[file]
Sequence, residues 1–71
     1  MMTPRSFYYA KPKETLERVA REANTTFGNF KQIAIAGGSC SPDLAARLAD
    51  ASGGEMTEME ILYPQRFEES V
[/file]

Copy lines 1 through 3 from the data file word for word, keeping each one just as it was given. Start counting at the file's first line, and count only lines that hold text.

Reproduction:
Sequence, residues 1–71
     1  MMTPRSFYYA KPKETLERVA REANTTFGNF KQIAIAGGSC SPDLAARLAD
    51  ASGGEMTEME ILYPQRFEES V